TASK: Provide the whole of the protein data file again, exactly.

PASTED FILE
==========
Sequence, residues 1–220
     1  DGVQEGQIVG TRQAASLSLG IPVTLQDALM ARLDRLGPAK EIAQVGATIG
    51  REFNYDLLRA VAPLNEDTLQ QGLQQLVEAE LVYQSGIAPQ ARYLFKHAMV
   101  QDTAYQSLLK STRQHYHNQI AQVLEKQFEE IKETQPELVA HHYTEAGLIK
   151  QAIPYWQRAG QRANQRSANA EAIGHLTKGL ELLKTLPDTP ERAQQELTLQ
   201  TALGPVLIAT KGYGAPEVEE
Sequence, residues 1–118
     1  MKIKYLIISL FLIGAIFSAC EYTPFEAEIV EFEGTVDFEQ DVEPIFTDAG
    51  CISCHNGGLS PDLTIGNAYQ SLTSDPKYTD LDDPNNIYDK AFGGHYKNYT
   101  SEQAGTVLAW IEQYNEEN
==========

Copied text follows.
Sequence, residues 1–220
     1  DGVQEGQIVG TRQAASLSLG IPVTLQDALM ARLDRLGPAK EIAQVGATIG
    51  REFNYDLLRA VAPLNEDTLQ QGLQQLVEAE LVYQSGIAPQ ARYLFKHAMV
   101  QDTAYQSLLK STRQHYHNQI AQVLEKQFEE IKETQPELVA HHYTEAGLIK
   151  QAIPYWQRAG QRANQRSANA EAIGHLTKGL ELLKTLPDTP ERAQQELTLQ
   201  TALGPVLIAT KGYGAPEVEE
Sequence, residues 1–118
     1  MKIKYLIISL FLIGAIFSAC EYTPFEAEIV EFEGTVDFEQ DVEPIFTDAG
    51  CISCHNGGLS PDLTIGNAYQ SLTSDPKYTD LDDPNNIYDK AFGGHYKNYT
   101  SEQAGTVLAW IEQYNEEN